DuPont Under Scrutiny Over Texas Plant Deaths
DuPont is under scrutiny from US federal records over a series of accidents involving toxic chemicals over the past seven years.
At least eight fatalities have resulted from the 34 accidents, according to research by the Texas newspaper Houston Chronicle.
The US chemical giant's accident record is in the spotlight after four workers died after exposure to the agrochemical ingredient methyl mercaptan at the group's La Porte plant, southeast of Houston, in November.
The latest accident is being reviewed both by the US Chemical Safety Board and the Occupational Health and Safety Administration (OSHA).
Houston Chronicle cited public records as a source of information about the three incidents involving toxic releases and non-fatal injuries it said had occurred at the Texas plant between 2007 and 2012.
The newspaper said the last time OSHA investigated an incident at the plant involving a worker was in 2007. It said OSHA records show DuPont paid a $1,800 fine for violating rules designed for companies that handle toxics. State environmental records also point to pollution problems at the same plant, it added.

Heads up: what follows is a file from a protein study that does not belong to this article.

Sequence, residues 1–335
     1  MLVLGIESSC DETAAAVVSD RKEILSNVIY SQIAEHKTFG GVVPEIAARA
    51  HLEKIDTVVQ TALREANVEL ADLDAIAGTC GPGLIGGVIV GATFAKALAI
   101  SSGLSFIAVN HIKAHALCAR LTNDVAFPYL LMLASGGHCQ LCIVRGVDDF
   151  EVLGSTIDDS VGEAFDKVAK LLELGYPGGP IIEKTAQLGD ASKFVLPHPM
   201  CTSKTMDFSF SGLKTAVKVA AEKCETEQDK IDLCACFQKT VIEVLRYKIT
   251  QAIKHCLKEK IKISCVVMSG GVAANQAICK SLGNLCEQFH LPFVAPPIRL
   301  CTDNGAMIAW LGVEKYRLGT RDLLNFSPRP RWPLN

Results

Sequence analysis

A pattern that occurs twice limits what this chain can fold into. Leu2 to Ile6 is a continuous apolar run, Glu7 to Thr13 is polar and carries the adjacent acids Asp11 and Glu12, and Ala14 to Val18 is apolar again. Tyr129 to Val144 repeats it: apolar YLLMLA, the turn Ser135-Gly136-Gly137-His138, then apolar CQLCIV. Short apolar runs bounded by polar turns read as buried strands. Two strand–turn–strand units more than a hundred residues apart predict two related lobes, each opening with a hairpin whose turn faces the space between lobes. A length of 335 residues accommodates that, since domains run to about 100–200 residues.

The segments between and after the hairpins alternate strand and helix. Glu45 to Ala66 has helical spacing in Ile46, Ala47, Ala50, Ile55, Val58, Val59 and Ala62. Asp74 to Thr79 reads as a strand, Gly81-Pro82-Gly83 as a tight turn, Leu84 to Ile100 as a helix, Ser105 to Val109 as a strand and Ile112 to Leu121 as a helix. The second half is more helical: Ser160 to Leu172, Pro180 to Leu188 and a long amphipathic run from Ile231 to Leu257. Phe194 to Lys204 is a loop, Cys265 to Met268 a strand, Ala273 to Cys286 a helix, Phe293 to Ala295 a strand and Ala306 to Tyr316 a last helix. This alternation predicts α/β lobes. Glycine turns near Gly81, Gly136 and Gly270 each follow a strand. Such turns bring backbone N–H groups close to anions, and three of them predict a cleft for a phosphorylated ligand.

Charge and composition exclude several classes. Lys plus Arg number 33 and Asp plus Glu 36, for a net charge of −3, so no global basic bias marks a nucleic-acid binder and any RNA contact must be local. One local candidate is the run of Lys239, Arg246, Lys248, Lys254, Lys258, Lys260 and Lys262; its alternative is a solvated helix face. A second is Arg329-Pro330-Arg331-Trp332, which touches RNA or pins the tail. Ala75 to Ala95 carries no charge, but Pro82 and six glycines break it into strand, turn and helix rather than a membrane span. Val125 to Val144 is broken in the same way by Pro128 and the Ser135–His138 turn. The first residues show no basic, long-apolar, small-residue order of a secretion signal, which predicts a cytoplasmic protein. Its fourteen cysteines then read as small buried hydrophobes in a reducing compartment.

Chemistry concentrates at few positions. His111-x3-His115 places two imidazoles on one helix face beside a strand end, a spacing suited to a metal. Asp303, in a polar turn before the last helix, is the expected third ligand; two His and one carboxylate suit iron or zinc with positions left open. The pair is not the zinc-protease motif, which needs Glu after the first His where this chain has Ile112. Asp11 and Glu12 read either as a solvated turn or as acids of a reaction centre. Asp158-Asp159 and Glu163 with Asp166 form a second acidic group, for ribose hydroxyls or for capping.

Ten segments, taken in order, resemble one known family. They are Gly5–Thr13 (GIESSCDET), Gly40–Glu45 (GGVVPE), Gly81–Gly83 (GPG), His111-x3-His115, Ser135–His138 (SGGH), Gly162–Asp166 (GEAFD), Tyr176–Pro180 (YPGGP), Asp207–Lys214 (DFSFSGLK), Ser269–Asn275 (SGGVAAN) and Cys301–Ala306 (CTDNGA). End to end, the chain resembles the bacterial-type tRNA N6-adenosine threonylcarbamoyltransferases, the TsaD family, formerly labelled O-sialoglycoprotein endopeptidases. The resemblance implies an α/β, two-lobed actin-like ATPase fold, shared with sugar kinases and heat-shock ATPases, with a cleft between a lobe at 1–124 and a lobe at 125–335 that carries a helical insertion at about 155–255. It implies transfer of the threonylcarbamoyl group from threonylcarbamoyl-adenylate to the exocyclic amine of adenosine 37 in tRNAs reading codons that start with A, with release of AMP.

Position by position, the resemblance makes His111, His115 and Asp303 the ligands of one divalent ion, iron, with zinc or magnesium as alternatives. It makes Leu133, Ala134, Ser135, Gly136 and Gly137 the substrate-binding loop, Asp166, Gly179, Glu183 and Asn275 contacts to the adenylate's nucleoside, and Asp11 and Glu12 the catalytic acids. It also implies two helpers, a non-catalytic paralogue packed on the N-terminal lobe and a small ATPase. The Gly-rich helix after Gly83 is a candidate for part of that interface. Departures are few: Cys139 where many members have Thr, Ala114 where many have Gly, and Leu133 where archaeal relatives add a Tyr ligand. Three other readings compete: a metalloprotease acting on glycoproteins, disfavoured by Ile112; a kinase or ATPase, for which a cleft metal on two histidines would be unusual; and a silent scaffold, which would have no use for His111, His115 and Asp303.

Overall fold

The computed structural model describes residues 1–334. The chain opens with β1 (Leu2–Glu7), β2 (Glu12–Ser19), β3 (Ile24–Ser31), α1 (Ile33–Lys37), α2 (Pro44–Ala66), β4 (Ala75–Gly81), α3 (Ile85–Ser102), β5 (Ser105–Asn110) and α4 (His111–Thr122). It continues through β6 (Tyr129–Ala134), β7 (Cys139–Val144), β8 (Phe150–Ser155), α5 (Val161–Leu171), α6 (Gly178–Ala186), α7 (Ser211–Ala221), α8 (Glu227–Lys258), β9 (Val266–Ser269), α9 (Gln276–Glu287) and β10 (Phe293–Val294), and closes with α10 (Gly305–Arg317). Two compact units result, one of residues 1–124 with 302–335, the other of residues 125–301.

According to the paper, it is not clear whether any agency investigated the other 2011 and 2012 accidents. Risk management reports show that DuPont handled the response internally.
Earlier this year, the Texas Commission of Environmental Quality issued an administrative order to curb excessive emissions of waste gas at La Porte that it said had been releasing excessive pollution since December 2011. Here, DuPont accepted a $92,000 fine and made upgrades to emissions control equipment.
David Uhlmann, a University of Michigan law professor, told Houston Chronicle that US state and federal environmental and workplace safety agencies do not always exchange information about incidents at plants that handle toxic substances.